(study based on 40 men and 40 women)*Nouns take longer to read than verbs*

(studied on the basis of 35 people's reading of 100 nouns and verbs)

- Given a testable hypothesis:
*Students answering online lecture questions score higher than those who do not*- You collect the final course grade for 30 randomly selected students who answered the online questions and 30 who did not

- Will any difference in average grade (in the right direction) be proof?
- Probably not: very small differences might be due to
**chance**(unsystematic variation)

- Probably not: very small differences might be due to
- Therefore we use
**statistics**to analyze the results**Statistically significant**results are those unlikely to be due to chance

- \(z\)-test allows assessing difference between sample and population
- \(\mu\) and \(\sigma\) for the population should be known (standardized tests: e.g., IQ test)

- Sample mean \(m\) is compared to population mean \(\mu\)

- You think Computer Assisted Language Learning may be effective for kids
- You give a standard test of language proficiency (\(\mu\) = 70, \(\sigma\) = 14) to 49 randomly chosen childen who followed a CALL program
- You find \(m\) = 74
- You calculate
*SE*= \(\sigma/\sqrt{n} = 14/\sqrt{49} = 2\) - 74 is 2
*SE*above the population mean: at the 97.5th percentile

- Group with CALL scored 2
*SE*above mean (\(z\)-score of 2)- Chance of this (or more extreme score) is only 2.5%, so very unlikely that this is due to chance

- Conclusion: CALL programs are probably helping
- However, it is also possible that CALL is not helping, but the effect is caused by some other factor
- Such as the sample including lots of proficient kids
- This is a
**confounding**factor: an influential**hidden**variable (a variable not used in a study)

- However, it is also possible that CALL is not helping, but the effect is caused by some other factor

- Suppose we would have used 9 children as opposed to 49, at what percentile would a sample mean of \(m\) = 74 be?
*SE*= \(\sigma/\sqrt{n} = 14/\sqrt{9} \approx 4.7\)- \(m\) = 74 is less than 1
*SE*above the mean, i.e. at less than the 84th percentile- Sample means of this value are found by chance more than 16% of the time (i.e. likely due to chance): not enough reason to suspect an effect of CALL

```
sigma <- 14; mu <- 70; m <- 74; n <- 9
```

```
(se <- sigma/sqrt(n))
```

```
# [1] 4.67
```

```
(zval <- (m - mu)/se)
```

```
# [1] 0.857
```

```
pnorm(zval) # yields percentile: p(z < zval)
```

```
# [1] 0.804
```

- Rather than one hypothesis, we create
**two hypotheses**about the data:- The null hypothesis (\(H_0\)) and the alternative hypothesis (\(H_a\))
- The null hypothesis states that there is no relationship between two measured phenomena (e.g., CALL program and test score), while the alternative hypothesis states there is

- For the CALL example (49 children):
- \(H_0\): \(\mu_{CALL} = 70\) (the population mean of people using CALL is 70)
- \(H_a\): \(\mu_{CALL} > 70\) (the population mean of people using CALL is higher than 70)
- While \(m\) = 74, suggests that \(H_a\) is right, this might be due to chance, so we would need enough evidence (i.e. low
*SE*) to accept it over the null hypothesis - Logically, \(H_0\) is the inverse of \(H_a\), and we'd expect \(H_0\): \(\mu_{CALL} \leq 70\), but we usually see '\(=\)' in formulations

\(H_0\): \(\mu_{CALL} = 70\) \(H_a\): \(\mu_{CALL} > 70\)

- The reasoning goes as follows:
- Suppose \(H_0\) is true, what is the chance \(p\) of observing a sample with \(m \geq\) 74?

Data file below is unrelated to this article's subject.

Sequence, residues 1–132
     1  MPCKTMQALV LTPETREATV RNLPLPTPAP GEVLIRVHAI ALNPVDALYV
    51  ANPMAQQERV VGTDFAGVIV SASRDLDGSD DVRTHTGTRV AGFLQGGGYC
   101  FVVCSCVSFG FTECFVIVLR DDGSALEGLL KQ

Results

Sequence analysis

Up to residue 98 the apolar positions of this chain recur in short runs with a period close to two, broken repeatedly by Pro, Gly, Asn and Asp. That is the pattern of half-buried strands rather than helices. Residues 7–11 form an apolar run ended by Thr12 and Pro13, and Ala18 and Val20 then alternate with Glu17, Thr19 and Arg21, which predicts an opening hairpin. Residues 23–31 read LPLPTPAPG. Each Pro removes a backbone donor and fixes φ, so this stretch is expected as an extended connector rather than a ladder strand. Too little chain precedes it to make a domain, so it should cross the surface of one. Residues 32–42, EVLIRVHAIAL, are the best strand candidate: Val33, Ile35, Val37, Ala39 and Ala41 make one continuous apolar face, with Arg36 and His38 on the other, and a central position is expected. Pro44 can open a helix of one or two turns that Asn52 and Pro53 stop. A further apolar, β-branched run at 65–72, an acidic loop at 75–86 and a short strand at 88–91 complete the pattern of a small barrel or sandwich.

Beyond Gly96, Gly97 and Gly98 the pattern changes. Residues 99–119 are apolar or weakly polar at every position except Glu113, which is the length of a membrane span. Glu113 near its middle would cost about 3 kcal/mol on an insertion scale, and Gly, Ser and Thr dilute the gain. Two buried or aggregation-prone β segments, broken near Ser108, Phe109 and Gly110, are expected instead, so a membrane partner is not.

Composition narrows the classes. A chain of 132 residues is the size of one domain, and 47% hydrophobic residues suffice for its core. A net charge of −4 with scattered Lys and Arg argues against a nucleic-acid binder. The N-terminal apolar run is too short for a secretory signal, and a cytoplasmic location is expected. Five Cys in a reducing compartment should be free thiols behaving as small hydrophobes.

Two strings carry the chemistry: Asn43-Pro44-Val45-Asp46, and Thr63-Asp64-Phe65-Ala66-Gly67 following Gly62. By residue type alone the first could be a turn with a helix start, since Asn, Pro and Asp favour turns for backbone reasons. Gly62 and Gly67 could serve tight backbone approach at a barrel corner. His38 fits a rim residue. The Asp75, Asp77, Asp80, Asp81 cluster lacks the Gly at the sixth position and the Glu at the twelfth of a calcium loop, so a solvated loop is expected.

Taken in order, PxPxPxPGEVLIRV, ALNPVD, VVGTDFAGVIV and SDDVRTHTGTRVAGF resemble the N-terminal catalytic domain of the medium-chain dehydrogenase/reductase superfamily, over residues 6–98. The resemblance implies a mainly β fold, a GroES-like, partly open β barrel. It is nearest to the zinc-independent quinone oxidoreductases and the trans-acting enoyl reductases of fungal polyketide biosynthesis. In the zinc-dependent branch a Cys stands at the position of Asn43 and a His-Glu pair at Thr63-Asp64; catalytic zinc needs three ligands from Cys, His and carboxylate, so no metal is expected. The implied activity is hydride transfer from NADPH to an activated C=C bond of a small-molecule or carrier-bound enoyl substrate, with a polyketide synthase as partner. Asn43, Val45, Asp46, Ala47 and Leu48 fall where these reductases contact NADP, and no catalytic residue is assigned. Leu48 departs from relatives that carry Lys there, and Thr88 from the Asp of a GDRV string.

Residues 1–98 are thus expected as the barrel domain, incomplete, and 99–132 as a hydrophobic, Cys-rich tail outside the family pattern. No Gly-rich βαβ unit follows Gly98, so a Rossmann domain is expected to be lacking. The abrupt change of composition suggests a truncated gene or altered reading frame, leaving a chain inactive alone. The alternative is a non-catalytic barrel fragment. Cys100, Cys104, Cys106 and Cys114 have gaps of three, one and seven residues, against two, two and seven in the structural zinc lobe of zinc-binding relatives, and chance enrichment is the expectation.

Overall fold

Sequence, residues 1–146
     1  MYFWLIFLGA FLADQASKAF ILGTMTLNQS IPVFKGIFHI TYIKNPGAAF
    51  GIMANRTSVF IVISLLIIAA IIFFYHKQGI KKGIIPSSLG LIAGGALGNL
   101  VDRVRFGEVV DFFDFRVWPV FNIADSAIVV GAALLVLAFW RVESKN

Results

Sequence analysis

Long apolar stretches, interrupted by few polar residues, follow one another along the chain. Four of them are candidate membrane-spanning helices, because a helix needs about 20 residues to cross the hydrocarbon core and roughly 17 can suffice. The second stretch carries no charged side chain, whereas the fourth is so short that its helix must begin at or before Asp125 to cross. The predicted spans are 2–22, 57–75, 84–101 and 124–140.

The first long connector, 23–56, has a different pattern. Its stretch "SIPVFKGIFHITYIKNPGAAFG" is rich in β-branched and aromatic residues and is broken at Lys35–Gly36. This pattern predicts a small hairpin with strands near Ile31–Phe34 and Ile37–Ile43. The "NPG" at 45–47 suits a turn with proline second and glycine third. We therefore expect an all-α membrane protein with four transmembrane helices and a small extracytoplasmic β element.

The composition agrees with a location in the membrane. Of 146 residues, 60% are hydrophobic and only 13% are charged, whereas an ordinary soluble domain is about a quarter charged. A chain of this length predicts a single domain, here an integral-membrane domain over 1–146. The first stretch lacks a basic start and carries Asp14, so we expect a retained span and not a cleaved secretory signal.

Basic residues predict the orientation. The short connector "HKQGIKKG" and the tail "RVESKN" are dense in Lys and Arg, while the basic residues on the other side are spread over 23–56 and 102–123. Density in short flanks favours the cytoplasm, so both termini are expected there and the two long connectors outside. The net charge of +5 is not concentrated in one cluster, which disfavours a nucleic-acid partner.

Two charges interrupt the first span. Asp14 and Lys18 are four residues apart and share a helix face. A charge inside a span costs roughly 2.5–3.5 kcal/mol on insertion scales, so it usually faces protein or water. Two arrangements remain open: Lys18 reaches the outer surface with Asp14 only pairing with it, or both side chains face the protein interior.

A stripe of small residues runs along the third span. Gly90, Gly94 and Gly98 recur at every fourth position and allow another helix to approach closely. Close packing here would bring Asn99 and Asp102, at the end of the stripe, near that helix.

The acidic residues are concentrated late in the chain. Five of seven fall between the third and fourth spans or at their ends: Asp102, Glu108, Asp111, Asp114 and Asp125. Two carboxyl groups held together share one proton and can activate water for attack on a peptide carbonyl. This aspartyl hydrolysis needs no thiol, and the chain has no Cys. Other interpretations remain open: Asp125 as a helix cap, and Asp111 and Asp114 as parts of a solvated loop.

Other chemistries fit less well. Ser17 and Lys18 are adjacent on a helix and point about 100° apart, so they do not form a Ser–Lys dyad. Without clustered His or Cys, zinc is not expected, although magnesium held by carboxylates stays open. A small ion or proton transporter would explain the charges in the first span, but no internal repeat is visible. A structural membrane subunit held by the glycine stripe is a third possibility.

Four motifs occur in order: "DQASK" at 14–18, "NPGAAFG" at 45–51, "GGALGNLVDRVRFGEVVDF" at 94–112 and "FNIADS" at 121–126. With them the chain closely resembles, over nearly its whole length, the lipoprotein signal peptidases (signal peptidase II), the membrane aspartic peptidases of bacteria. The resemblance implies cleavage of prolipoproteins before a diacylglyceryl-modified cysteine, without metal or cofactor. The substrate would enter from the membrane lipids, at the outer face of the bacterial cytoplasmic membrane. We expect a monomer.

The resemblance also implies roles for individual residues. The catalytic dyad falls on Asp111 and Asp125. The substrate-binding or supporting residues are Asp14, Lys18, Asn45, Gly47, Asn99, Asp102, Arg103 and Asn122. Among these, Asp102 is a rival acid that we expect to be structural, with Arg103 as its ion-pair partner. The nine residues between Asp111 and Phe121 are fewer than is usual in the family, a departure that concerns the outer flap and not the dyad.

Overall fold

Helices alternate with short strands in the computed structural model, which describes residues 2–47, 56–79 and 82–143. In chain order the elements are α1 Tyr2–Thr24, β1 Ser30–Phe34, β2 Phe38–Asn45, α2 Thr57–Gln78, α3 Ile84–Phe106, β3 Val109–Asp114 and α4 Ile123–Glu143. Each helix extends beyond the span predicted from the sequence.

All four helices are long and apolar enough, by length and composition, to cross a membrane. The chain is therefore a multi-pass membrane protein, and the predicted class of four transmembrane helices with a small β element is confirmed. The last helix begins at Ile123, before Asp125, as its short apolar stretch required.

- To determine this, we convert 74 to a \(z\)-score: $z = (m - \mu) / $
*SE*= (74-70)/2 = 2 - And find the associated \(p\)-value:

```
1 - pnorm(2) # pnorm(2) yields p(z < 2) => 1 - pnorm(2) = p(z >= 2)
```

```
# [1] 0.0228
```

```
pnorm(2, lower.tail = F) # alternative formulation for p(z >= 2)
```

```
# [1] 0.0228
```

\(H_0\): \(\mu_{CALL} = 70\) \(H_a\): \(\mu_{CALL} > 70\)

- In
`R`

we can also calculate the probability directly without conversion to \(z\)-scores by supplying the mean and standard error (`sd`

parameter):

```
pnorm(74, mean = 70, sd = 2, lower.tail = F)
```

```
# [1] 0.0228
```

\(H_0\): \(\mu_{CALL} = 70\) \(H_a\): \(\mu_{CALL} > 70\)

- \(P(z \geq 2) \approx 0.025\)
- The chance of observing a sample at least this extreme given \(H_0\) is true is 0.025
- This is the \(p\)-value (measured significance level)
- If \(H_0\) were correct and kids with CALL exp. had the same language proficiency as others, the observed sample would be expected only 2.5% of the time
- Strong evidence
**against**the null hypothesis

- Strong evidence

- We have determined \(H_0\), \(H_a\) and the \(p\)-value
- The classical hypothesis test assesses how
**unlikely**a sample must be for a test to count as significant - We compare the \(p\)-value against this threshold significance level or \(\alpha\)-level
- If the \(p\)-value is
**lower**than the \(\alpha\)-level (usually 0.05, but it may be lower as well), we regard the result as significant and reject the null hypothesis

- The \(p\)-value is the chance of encountering the sample, given that the null hypothesis is true
- The \(\alpha\)-level is the threshold for the \(p\)-value, below which we regard the result as significant
- If result significant, we reject \(H_0\) and assume \(H_a\) is true

\(m = 74\), \(\mu = 70\), \(\sigma = 14\), \(n = 49\), \(\textrm{SE} = 14/\sqrt{49} = 2 \implies z = \frac{m - \mu}{\textrm{SE}} = \frac{74 - 70}{2} = 2\)

- Specify \(H_0\) and \(H_a\)
- Specify test statistic (e.g., mean) and underlying distribution (assuming \(H_0\))
- Specify the \(\alpha\)-level at which \(H_0\) will be rejected
- Determine the value of the statistic (e.g., mean) on the basis of a sample
- Calculate the \(p\)-value and compare to \(\alpha\)
- \(p\)-value \(< \alpha\): reject \(H_0\) (significant result)
- \(p\)-value \(\geq \alpha\): do not reject \(H_0\) (non-significant result)

- Critical values: those values of the sample statistic resulting in a rejection of \(H_0\)
- E.g., if \(\alpha\) is set at 0.05, the critical region is \(P(z) < 0.05\), i.e. \(z \geq 1.64\)
- We can transform this to raw values using the \(z\) formula \[z = (x-\mu)/SE\\ 1.64 = (x-70)/2\\ 3.3 = x-70\\ x = 73.3\]
- Thus a sample mean of at least 73.3 will result in rejection of \(H_0\)

```
# critical z-value
qnorm(p = 0.05, lower.tail = F)
```

```
# [1] 1.64
```

```
# critical value